Although it is difficult to interpret what exactly has happened there are a few certain things that I could mention. Firstly that the death of the child was only the spark. The causes are certainly deeper and are related to specific ideas of particular people about Greek society and capitalist society as a whole, as well as to specific underprivileged statuses (e.g. a lot of immigrants participated, feeling that they were striking back in some way). Secondly, the people (people from different age groups, social classes and ethnic groups) who participated were a minority. Most people could not understand where this thing was coming from. Finally being to a large extent a destructive force, the insurrection did not express any specific demands - besides the rage against police brutality - that made many people wonder even more about its character. It seems to me that some people (especially anarchist groups with ideological discourse and orientations) knew quite well what they were doing whereas others responded more spontaneously. But for the anarchists too the major question - an ideological one - has been what the next step would be, what this situation could leave behind as a seed. Clearly for some this was resistance against the State. The antagonist was the State represented both in the places where commodities were being destroyed and in the riot police that were being attacked.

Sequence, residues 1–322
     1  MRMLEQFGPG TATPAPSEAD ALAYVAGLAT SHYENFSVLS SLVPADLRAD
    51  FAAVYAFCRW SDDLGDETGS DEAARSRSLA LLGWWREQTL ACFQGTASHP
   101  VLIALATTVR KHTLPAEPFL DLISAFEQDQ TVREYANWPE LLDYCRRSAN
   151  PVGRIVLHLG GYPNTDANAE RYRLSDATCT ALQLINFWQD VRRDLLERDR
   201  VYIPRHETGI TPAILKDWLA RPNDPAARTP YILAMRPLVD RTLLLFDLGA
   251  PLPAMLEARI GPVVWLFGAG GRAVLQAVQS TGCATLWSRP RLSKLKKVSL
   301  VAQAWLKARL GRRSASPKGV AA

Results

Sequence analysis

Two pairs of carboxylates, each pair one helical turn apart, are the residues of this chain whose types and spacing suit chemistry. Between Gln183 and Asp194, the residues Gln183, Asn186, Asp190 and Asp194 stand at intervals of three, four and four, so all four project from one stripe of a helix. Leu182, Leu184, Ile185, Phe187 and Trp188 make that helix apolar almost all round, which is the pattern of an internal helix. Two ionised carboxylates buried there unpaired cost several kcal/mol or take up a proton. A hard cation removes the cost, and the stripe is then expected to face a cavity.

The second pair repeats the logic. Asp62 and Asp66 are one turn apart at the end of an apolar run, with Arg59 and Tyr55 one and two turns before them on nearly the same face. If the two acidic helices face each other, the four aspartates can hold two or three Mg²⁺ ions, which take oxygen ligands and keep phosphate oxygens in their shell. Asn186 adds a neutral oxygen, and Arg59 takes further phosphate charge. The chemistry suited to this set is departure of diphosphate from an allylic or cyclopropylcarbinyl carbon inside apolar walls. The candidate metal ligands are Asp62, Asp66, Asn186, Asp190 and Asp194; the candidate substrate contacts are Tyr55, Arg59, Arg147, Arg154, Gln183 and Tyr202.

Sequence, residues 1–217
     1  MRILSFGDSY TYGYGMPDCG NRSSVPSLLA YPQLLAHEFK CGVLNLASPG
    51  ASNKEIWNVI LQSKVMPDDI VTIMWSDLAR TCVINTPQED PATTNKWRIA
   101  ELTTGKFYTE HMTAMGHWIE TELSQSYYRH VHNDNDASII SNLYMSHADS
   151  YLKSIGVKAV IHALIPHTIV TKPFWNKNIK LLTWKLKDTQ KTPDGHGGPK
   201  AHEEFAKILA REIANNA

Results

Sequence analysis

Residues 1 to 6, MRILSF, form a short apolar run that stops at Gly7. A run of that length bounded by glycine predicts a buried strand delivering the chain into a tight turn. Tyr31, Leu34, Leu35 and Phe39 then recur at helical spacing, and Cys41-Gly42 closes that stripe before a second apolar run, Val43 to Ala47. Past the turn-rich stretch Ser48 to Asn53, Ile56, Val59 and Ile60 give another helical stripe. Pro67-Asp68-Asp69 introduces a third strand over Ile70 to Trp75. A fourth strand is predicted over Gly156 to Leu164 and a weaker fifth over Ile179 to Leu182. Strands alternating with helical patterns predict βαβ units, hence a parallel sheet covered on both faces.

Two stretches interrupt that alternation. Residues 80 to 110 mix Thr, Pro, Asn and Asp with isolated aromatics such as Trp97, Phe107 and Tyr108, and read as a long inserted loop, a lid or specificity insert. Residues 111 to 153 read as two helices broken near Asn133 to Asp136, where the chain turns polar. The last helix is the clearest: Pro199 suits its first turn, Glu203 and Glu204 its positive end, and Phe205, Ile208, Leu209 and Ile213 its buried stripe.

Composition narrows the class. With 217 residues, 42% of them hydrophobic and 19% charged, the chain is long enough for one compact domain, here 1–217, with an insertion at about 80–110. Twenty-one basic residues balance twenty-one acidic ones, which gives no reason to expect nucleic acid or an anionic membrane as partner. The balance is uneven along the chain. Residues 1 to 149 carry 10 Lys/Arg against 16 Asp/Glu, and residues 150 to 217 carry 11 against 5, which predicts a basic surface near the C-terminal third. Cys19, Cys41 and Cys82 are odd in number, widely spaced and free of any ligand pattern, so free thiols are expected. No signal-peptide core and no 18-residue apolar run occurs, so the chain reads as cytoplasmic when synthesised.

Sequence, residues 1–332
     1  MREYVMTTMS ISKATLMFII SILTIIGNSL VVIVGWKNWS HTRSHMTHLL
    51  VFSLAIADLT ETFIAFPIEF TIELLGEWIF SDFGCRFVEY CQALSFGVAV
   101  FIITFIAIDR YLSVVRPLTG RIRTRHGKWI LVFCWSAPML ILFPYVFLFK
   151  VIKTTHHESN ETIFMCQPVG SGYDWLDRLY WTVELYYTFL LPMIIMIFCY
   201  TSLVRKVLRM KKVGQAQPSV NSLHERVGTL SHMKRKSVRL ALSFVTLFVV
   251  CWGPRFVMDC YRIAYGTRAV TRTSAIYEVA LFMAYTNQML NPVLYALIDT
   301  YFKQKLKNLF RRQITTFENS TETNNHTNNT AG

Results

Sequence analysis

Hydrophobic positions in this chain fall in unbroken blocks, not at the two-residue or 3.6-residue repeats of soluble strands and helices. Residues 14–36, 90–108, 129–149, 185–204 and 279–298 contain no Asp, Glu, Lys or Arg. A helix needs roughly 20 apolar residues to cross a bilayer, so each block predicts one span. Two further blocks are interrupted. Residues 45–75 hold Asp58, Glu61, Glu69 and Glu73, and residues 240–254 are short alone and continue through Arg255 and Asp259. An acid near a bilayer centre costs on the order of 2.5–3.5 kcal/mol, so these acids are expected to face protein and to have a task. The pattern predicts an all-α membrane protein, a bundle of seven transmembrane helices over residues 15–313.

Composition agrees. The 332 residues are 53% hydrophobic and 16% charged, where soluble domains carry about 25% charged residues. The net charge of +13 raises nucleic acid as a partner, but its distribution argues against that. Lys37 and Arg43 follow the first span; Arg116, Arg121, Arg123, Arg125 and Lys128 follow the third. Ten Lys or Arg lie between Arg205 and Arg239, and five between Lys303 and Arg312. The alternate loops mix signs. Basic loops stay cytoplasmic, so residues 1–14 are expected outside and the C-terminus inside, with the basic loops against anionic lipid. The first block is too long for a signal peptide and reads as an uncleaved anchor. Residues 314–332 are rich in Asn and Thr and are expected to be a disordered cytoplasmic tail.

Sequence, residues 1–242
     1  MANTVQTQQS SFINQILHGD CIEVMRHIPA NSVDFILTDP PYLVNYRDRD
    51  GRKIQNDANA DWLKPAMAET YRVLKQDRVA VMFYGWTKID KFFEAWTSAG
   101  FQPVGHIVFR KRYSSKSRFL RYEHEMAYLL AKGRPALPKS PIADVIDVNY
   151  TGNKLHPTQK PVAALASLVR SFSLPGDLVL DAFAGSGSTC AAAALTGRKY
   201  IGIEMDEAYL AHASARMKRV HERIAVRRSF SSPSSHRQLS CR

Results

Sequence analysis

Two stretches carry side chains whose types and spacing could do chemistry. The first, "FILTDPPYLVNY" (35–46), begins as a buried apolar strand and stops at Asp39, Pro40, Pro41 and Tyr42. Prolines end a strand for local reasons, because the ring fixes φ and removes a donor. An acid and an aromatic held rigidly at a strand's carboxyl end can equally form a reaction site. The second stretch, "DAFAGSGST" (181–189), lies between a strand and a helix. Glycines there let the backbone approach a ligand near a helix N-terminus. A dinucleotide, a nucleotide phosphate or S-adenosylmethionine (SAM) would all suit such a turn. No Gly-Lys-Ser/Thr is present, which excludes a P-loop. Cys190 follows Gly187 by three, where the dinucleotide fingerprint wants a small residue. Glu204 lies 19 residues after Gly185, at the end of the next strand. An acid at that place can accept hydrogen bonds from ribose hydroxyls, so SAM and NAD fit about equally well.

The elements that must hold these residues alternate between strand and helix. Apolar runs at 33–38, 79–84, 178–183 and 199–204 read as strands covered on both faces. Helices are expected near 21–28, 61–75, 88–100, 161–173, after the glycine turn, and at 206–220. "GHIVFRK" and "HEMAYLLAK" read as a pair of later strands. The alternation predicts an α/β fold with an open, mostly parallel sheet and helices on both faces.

The crucial factor here is a powerful discursive formation, that of anarchist ideology that, largely based on Marxism, is characterised both by a specific revolutionary narrative about the social world and a specific conception of the individual. It begins with the presupposition that a better and more just society in which social and economic equality can be attained, is possible. A belief in the self-determination of the individual and the autonomy or self-management of his community considers that hierarchically structured social relations produce societies of inequality and exploitation in which people are divided into the oppressors, those who have power, and the oppressed, those who are subjected to the control and the power of the former. From this perspective a polarised conception of the social world creates a dichotomous view of society as constituted by subjects categorised on the basis of their access to material resources that is thus equated to the power to control. In this manner, the majority of people are presented, to a large extent, as lacking agency, not being able to determine the conditions of their own existence, but being subjected to the will of individuals and institutions that manipulate them in order to further their utilitarian needs and interests.